The course has been highly praised as an outstanding example of transformative learning, as it brings personal reflection and creativity to bear on the study of spirituality in the broadest sense. It brings to the fore issues of connectivity, sustainability, ecological awareness, and the engagement of the imagination in the aid of individual, community and global understanding, wellbeing and harmony.

Canterbury is a perfect venue to study this course, with its ecclesiastical heritage, rich literary history, beauty of landscape and architecture, and easy access to both London and the continent.

Suitability

The course will appeal to all those seeking to develop and enrich their lives through the study of the history, philosophy and practices of Western sacred and esoteric traditions, and will be of particular interest to teachers, practitioners and therapists in the fields of contemporary spirituality and wellbeing who would like to engage more deeply with both the foundations of their work and their own self-knowledge.

There are many areas for potential further study, and we now have a thriving graduate environment with MPhil/PhD researchers pursing topics as diverse as the music of the spheres, Freemasonry, conflict resolution, alchemical symbolism, transformative learning and intuitive reading methods.

Content

The four taught modules, comprising seminars, learning journal groups and workshops take place at alternate weekends, in term time, from October to March, with optional workshops in the summer term.

The Creative Project assignment and dissertation module take place from April to September (for full-time students) and April to the following September (for part-time students). Each teaching weekend includes an open lecture by a visiting speaker. There are also optional sessions on Friday afternoons (compulsory for Tier 4 students).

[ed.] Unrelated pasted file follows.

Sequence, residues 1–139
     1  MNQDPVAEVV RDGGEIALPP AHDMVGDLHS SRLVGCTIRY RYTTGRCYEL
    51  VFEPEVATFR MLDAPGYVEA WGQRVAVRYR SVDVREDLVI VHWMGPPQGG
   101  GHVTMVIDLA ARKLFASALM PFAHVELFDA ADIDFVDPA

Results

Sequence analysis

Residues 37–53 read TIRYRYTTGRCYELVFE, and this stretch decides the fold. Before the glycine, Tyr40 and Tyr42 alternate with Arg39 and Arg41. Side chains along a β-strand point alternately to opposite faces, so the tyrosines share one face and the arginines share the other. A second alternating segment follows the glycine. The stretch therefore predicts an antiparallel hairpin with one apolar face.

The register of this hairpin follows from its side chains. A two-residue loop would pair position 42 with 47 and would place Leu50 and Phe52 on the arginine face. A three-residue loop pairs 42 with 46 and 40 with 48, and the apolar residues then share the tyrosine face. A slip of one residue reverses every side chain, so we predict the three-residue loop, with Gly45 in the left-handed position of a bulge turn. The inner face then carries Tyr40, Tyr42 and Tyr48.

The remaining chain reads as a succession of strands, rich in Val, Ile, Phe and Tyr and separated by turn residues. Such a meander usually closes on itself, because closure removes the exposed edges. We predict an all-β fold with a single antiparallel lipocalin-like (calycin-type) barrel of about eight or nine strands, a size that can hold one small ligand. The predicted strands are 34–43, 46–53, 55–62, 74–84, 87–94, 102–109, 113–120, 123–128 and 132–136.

The four taught modules will address the following topics:

• Theories and Methods

• Symbol and Imagination

• Oracular and Divinatory Traditions

• Spirit and Psyche

• Creative Project

• Learning Journal

• Dissertation

Format

Teaching methods include seminars, lectures and workshops. Students can expect eight hours of teaching each study weekend, plus two hours of learning journal groups. They also receive individual supervision for each taught and research assignment, and eight hours of research preparation seminars.

They will attend two days a year for creative project presentations and a variety of optional workshops will be offered. There will also be an open public lecture at each study weekend, on the Saturday evening, which they are encouraged to attend, and optional Friday afternoon seminars on a variety of themes.

Assessment

Four essays of 4,000 words (20 credits each), one creative project review of 4,000 words, one learning journal write-up of 4,000 words (20 credits each) and one dissertation of 12-15,000 words (60 credits).

What can I do next?

Most of the students on this course are mature adults with established careers. However, possible career opportunities might include teaching, counselling and mentoring, spiritual and wellbeing guidance, alternative healing and therapies, writing and media, the arts, and further research.

How to apply

For information on how to apply, please follow this link: https://www.canterbury.ac.uk/study-here/how-to-apply/how-to-apply.aspx

Fees and Funding

See our postgraduate fees and funding page to discover the loans, scholarships and bursaries available.

View https://www.canterbury.ac.uk/study-here/fees-and-funding/postgraduate-fees-funding/postgraduate-funding.aspx



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The MRes Ancient History offers students whose interests centre on the study of ancient history the opportunity to take a specialist research-intensive degree tailored to those interests and to pursue their own independent research to a further extent than in an MA. Read more
The MRes Ancient History offers students whose interests centre on the study of ancient history the opportunity to take a specialist research-intensive degree tailored to those interests and to pursue their own independent research to a further extent than in an MA.

Course Overview